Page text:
Long Glass Fiber Polypropylene Technology for Automotive Applications
Jeroen Van Poucke, September 2006
The use of long glass fiber reinforced polypropylene (PP) in injection molded parts has found new applications due to ease of processing attractive economics and good balance of properties. The glass fiber provides mechanical strength and dimensional stability. Part performance is influenced by glass fiber length processing technique and resin formulation including coupling chemistry additives and colorants. The balance of material properties may allow substitution from engineered resins like PC/ABS blends ABS SAN SMA to lower cost resin options like polypropylene. The demonstrated property balance may allow reduction of wall thickness. Applications for long fiber reinforced thermoplastics continue to grow with new automotive applications in development such as front end carriers instrument panels door modules lower and overhead console reinforcements. Dow Automotive has been developing Long Glass Fiber Reinforced Polypropylene systems for various applications including instrument panels and front end systems. Dow has developed a fundamental understanding of the effect of additives and different processing methodologies and their effect on property performance. This paper reviews the mechanical properties for the various LGF processes from fully formulated granulates to direct processes as well as the impact of additives on performance.
New Composites Solutions for Automotive Underbody Systems
Harri Dittmar, September 2006
Although not a common feature on vehicles originating in the North American market European automakers have been installing underbody closure systems on their passenger vehicles for some time. Starting with small plates intended to protect the engine and gear box these shields have evolved into complete under-floor closure systems offering a number of benefits. First they reduce the vehicles aerodynamic drag which helps improve fuel economy ± vital in a market segment where fuel prices average 0.98 ± 1.56 ¼ /liter ($5-8USD/gal). Second they function much like the protective vinyl coating sprayed on the underside of most North American vehicles to reduce stone impingement salt spray and other damage to the undercarriage. Unlike the spray coatings however the shields also protect the undercarriage on bad roads and for off-road usage. Third they reduce noise ± both inside the cockpit for occupants as well as curb noise as vehicles pass through congested cities with narrow streets. As underbody closure systems have proliferated different materials and process development programs have been commercialized. Each participating OEM has sought to tailor these closure systems to achieve specific combinations of cost performance and mass for the various vehicle segments in which they compete. Although no single material / process option currently meets all OEM needs in all segments 3 technologies±all thermoplastic± have emerged in Europe to dominate underbody closure systems. This paper discusses current material / process options and the kinds of application criteria where each are best suited.
Injection Molded Polylactide (PLA) Composites for Automotive Applications
Angela Harris, September 2006
Polylactide (PLA) is a biodegradable compostable thermoplastic polymer produced from corn an annually renewable resource. In moving towards developing a sustainable vehicle use of materials such as PLA could greatly contribute to the goal of a more environmentally friendly vehicle. To date several non-automotive applications of PLA have been commercialized. These include PLA fiber/textile applications for clothing carpeting and linens; as well as blow molded articles for food packaging. Thus far for automotive use a single niche application of compression molded PLA has been developed. Here we seek to optimize the injection molding process conditions and composition of PLA composites for automotive interior applications. The effects of adding various reinforcements to the PLA resin for property improvements were assessed. Crystallinity modulus and strength properties were evaluated by differential scanning calorimetry (DSC) tensile and flexuarl testing.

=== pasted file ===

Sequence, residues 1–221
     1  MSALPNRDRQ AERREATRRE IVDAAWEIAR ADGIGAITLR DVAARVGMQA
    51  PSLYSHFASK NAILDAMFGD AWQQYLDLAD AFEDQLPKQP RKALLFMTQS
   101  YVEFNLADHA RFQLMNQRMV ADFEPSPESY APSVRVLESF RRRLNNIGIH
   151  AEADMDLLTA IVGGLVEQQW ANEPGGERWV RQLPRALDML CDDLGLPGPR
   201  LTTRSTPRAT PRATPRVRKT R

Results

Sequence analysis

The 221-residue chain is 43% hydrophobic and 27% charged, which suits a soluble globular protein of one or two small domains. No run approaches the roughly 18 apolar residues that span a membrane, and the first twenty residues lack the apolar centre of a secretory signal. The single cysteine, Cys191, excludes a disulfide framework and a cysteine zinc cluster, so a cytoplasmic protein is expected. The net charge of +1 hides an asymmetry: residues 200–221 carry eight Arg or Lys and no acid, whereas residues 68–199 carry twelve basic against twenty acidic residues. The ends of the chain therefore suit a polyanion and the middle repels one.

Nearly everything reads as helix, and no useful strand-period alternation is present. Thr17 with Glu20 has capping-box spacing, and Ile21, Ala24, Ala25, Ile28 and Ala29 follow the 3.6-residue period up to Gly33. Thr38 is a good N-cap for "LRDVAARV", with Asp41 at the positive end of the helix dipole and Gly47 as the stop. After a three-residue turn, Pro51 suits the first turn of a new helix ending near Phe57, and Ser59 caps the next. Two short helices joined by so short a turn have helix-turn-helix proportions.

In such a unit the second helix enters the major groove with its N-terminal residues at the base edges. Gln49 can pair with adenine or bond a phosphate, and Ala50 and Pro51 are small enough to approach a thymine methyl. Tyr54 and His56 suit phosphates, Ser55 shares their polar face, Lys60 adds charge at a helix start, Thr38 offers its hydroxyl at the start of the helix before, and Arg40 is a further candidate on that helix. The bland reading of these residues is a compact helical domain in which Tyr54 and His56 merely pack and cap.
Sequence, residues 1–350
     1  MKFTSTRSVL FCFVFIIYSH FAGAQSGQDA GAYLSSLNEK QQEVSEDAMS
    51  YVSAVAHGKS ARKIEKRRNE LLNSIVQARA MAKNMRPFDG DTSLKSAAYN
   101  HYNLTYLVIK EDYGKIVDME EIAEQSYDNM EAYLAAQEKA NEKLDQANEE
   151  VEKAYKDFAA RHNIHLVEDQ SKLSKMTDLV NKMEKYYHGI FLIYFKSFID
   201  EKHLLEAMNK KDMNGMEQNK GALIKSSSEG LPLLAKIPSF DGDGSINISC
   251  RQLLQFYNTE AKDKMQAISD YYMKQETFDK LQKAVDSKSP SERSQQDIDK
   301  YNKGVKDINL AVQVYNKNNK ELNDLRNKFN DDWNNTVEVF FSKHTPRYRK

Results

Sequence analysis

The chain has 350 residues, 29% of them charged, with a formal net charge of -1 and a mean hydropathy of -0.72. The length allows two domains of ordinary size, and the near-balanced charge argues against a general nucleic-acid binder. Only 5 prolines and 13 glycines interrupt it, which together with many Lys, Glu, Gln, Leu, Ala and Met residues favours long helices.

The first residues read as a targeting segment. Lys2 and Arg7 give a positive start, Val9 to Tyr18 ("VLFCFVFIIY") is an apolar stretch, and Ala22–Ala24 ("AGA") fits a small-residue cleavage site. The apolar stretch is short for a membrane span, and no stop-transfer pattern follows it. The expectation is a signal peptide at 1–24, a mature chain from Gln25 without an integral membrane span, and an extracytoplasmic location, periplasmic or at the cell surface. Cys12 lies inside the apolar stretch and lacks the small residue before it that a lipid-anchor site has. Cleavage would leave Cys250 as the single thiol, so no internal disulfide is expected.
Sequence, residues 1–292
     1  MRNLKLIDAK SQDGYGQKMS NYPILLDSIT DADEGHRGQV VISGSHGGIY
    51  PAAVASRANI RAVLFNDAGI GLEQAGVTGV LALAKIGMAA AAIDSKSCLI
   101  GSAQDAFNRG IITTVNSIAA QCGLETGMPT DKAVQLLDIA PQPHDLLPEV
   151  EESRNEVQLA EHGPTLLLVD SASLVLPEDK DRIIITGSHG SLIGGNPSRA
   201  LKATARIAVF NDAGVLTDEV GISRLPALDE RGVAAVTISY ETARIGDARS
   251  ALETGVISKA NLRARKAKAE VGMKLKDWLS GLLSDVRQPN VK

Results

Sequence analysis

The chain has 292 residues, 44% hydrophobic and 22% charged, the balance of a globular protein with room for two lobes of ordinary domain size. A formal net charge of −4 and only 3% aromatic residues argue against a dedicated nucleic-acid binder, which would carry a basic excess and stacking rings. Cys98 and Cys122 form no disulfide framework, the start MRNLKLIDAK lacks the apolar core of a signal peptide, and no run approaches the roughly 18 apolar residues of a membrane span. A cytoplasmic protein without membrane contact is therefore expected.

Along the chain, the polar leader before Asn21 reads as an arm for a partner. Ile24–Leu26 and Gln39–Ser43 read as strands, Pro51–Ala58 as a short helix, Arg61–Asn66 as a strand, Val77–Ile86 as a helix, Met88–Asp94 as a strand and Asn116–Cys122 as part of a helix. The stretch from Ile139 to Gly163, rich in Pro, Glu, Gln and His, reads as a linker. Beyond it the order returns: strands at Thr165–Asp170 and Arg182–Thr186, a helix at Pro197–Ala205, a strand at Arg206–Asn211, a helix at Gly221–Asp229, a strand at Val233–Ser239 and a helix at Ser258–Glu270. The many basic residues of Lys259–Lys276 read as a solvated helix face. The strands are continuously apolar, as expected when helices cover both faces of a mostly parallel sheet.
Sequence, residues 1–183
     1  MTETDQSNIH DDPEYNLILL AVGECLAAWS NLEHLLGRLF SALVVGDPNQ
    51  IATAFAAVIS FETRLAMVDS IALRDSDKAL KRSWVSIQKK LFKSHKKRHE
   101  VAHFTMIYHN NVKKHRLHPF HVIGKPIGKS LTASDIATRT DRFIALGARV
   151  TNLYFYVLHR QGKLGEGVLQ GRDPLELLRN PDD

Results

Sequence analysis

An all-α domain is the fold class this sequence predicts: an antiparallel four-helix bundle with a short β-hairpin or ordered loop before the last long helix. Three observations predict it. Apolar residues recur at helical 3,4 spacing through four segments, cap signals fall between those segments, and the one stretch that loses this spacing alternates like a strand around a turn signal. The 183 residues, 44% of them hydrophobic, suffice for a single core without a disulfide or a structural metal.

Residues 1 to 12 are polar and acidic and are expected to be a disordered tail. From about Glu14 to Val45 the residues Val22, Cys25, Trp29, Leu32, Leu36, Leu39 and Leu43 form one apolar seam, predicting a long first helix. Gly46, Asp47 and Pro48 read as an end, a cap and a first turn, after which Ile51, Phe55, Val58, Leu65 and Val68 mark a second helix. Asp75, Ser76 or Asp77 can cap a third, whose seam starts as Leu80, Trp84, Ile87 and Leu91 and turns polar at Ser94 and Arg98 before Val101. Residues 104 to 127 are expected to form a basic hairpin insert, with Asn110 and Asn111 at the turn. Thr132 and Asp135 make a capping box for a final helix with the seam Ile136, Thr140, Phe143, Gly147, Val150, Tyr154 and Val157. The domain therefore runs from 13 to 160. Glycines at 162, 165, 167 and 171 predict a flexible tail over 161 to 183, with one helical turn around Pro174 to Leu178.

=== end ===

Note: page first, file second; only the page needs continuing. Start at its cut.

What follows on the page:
Poly(lactic acid) Nanocomposites: Fabrication Microstructure & Performance
Johanne Denault, September 2006
The preparation of nanoclay-reinforced poly(lactic acid) (PLA) nanocomposites by means of melt processing has been investigated. In order to optimize the dispersion of the nanoclays and the nanoclay-matrix interface strong interaction between the nanoclay and the polymer matrix is required preferably at the atomic level. Different chemistries of the organo-nanoclay have been carefully considered in order to optimize the chemical interaction between the organic and inorganic phases during processing. Various processing conditions have been examined with the aim of minimizing the degradation and oxidation of the materials both the matrix and the organo-nanoclay while at the same time maximizing clay dispersion and the interaction between the polymer matrix and the clay. X-ray diffraction scanning electron microscopy (SEM) transmission electron microscopy (TEM) differential scanning calorimetry (DSC) and dynamic mechanical thermal analysis (DMTA) were used to respectively characterize the dispersion of the nanoclay the crystalline structure and the mechanical behavior of the PLA nanocomposites. The relationship between formulation structure and performance is discussed.

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Any article that is cited in another manuscript or other work is required to use the correct reference style. Below is an example of the reference style for SPE articles:

Brown, H. L. and Jones, D. H. 2016, May.
"Insert title of paper here in quotes,"
ANTEC 2016 - Indianapolis, Indiana, USA May 23-25, 2016. [On-line].
Society of Plastics Engineers
Available: www.4spe.org.